However, we have to try. Otherwise, our lives would be empty and void. Maybe I am a subjectivist, as you put it, but this ’condition’ also warrants a natural openness to all possibilities. In all certainty, I will try to further my perception of objectivism and will read Ayn Rand’s woks with an open heart and mind.

    As you rightfully say, ”[…] the more one reads, the fewer corners there are in which to hide”. I always felt the same. Still, I find that as old dark corners disappear, new corners appear; our intellectual map is also not finite – it expands „the more one reads” and reveals new territories, new unknown seas, where ’there be dragons’ is the key phrase. And, cherry on this sweet and sour cake, even the old, explored territories change, sometimes radically. That is what I meant by relativism. We are not (rational) demiurges, we are just travellers, explorers of reality. Who happen to stumble upon Ayn Rand in their travels, mark the place as a charming, mind-changing site, providing safe harbour and warmth, and set compass for new horizons.

    For my future travels, I have bought ”The Fountainhead”. Following your reccomendation will also acquire ”Atlas Shrugged”, and will look for Peikoff’s books on amazon. Your links are equally interesting and pertinent.

    And hey, the more I read the more I like my Sophia Pulchritudinous.

  5. I have enjoyed reading you immensely. I’ll now let you go to get on with your reading. It is difficult to imagine you able to stop until you have devoured it all. And I fully expect to be reading your reviews here. I’ve registered at GoogleAlerts for the keywords,”Ayn Rand,” „Objectivist,” and „Objectivism,” and they seem to be catching every blog post containing those words—sometimes within hours of being published.

    • The pleasure was mutual, Michael. Thank you for passing by and for the very stimulating exchange of ideas. I might appear in the future on your google ‘radar’ with a future post on Ayn Rand’s works, once they get devoured, who knows… Until then, I wish you all the (reason-ably) best.

  6. Sa vezi chestie. Imi luam eu azi portia de „Mad Men”, sezonul 1, episodul 8, cand ce mi vad ochii si mi aud urechile: seful cel mare al lui Don ii recomanda sa citeasca Ayn Rand. Pentru cei care pun self-interest-ul cel mai sus.

    E interesant pentru ca Mad Men se petrece la sfarsit de ani 50, inceput de 60 tocmai cand (sub)cultura hippie imboboceste (lucru care se si vede in serial), iar un pic mai incolo Victor Turner scrie despre „communitas”, liminalitate si capacitatea innascuta a omului de a fi selfless in grup. Si mai e interesant e ca intr o lucrare am aplicat conceptele lui Turner la carticica lui Steinbeck, „Cannery Row” (scrisa in anii 50 si ea) si s au potrivit excelent. In contrapozitie, voiam sa adaug un pic de Rand. N am mai avut loc.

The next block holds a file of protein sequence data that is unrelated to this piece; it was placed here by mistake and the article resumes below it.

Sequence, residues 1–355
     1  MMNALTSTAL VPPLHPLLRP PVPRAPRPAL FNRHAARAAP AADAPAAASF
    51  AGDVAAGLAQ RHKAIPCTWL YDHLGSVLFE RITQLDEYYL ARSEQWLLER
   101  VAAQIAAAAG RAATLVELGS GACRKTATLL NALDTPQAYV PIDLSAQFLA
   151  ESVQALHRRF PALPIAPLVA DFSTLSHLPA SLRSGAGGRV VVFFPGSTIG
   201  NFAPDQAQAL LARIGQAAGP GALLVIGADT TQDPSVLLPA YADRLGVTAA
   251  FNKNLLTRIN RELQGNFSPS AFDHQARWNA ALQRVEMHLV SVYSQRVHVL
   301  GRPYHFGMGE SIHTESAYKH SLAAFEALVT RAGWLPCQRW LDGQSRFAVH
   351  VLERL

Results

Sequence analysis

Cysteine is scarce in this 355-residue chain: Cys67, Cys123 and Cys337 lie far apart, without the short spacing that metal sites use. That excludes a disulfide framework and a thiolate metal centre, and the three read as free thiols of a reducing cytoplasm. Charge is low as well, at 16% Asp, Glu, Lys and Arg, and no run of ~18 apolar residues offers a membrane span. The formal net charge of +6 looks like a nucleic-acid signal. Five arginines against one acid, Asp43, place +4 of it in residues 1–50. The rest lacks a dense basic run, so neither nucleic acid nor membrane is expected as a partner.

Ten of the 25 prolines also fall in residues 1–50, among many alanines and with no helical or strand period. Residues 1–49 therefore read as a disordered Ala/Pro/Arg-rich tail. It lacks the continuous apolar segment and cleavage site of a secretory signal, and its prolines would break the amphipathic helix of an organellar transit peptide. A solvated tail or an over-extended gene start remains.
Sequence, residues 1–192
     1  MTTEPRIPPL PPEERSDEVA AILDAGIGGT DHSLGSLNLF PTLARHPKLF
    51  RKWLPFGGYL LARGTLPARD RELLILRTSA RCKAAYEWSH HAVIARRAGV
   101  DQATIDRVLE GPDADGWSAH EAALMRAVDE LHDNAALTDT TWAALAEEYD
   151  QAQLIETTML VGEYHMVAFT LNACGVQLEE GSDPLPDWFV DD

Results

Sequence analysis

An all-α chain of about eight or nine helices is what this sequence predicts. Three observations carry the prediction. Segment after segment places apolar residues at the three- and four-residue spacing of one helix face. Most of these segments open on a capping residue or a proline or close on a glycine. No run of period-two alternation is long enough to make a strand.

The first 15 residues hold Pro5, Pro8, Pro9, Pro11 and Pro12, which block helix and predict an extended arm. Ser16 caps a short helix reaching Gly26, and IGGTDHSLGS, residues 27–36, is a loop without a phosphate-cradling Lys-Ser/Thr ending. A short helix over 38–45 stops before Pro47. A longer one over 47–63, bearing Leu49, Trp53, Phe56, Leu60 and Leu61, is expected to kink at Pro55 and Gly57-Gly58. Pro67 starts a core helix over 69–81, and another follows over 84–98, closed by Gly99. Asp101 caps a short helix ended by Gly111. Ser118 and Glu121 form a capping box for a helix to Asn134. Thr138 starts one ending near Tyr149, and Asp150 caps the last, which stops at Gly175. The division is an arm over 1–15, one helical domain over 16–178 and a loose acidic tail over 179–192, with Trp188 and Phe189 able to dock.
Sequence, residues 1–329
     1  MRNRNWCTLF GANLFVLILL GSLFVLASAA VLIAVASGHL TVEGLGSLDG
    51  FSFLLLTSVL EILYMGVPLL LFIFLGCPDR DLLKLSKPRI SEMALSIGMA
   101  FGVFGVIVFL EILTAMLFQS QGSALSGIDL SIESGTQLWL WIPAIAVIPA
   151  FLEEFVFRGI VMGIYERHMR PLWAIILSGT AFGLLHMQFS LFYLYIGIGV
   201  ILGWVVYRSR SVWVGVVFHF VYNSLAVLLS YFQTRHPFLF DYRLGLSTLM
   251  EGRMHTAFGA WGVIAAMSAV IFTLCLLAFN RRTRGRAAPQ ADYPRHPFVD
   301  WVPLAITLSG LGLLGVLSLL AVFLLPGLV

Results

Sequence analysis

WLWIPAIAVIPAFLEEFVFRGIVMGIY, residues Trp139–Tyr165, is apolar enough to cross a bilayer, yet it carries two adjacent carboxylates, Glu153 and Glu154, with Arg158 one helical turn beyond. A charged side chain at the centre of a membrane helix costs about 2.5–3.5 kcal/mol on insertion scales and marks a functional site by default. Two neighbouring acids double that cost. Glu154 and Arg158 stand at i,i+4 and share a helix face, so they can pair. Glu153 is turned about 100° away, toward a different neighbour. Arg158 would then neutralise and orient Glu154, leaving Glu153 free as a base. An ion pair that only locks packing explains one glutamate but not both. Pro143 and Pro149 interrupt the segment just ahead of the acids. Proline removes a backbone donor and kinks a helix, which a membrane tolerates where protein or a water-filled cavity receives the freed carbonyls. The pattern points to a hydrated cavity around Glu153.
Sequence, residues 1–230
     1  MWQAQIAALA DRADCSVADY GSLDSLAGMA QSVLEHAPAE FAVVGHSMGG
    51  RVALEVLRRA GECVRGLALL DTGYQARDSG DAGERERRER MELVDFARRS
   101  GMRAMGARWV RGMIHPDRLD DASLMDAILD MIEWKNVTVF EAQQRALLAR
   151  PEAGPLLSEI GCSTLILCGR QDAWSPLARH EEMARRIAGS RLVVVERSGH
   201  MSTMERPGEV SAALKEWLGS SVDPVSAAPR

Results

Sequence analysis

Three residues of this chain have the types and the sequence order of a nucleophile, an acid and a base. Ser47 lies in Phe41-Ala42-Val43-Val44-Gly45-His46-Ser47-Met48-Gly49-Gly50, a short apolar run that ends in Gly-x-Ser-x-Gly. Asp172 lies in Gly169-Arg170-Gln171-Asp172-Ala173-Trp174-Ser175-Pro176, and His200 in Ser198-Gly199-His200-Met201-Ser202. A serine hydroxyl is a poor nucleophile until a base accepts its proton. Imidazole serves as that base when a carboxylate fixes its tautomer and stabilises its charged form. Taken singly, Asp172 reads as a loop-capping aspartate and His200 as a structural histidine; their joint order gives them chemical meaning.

Ca tot vorbeam de dialectici. Ca nuca n perete, da. 🙂

    • Nuca-n perete e sportul meu preferat, un soi de squash mai putin posh. Si apoi, nuca nu sare foarte sus, e practic imposibil sa-ti intre aschii în ochi daca dai tare cu ea de zid. Desi exista nuci tari care pravalesc ziduri.

      E genial substratul asta intertextualist al lumii contemporane, si poate si mai genial faptul ca efectul de ridicol se erodeaza putin câte putin, în fiecare zi, cu fiecare sitcom, printr-un voluntar sau involuntar ‘comic relief’.

      Ayn Rand în ‘Mad Men’ nici nu e atât de nelalocul ei, pâna la urma. In episodul pilot din ‘Smallville’, de exemplu, se discuta despre… Nietzsche. E foarte posibil sa-ti tâsneasca brusc popcorn pe urechi si cola pe nas atunci când Clark Kent este întrebat: ‘So what are you? Man or Superman?’. Got it? Man – Superm… oh ffs.

      (f is for friedrich).

  7. Why is it so dark in here? Could someone turn the lights on?

    • Well… I’m more of a PenUmbra person, rather enjoying thinking and writing in the dark. Not everyone is blessed with light(s):)

      I’ll tell you a story though, to compensate for the scarcity of illumination on this blog.

      There’s a proverbial character in Turkish folklore named Nasruddin Hodja, who’s sort of a wise jester and grassroot philosopher. There are all sorts of stories centered around him, but one of his most unknown feats goes like this (if I can recall it from my childhood days and sum it up briefly):

      Long ago, someone found Nasruddin in the street, at night, under a street lamp, frantically looking for something. The person stopped and watched him for a while, puzzled, then asked the old man what he was looking for, maybe willing to help, maybe just curious. Nasruddin gazed at the man, stared at the ground, then again at the man, and went: ‘Well, I lost my smoking pipe’. ‘Oh, said the man, and.. where did you lose it exactly?’ After a brief pause, Nasruddin answered: ‘I lost it somewhere inside the house and can’t find it for the world’. ‘Then, the man said, if you lost it inside, why are you looking for it out in the street?’

      And old Nasruddin would answer:
      ‘Well, my good man, it’s quite obvious, there’s more light out here’.

      Unlike wise Nasruddin, I’m still in the house, stubbornly looking for that pipe.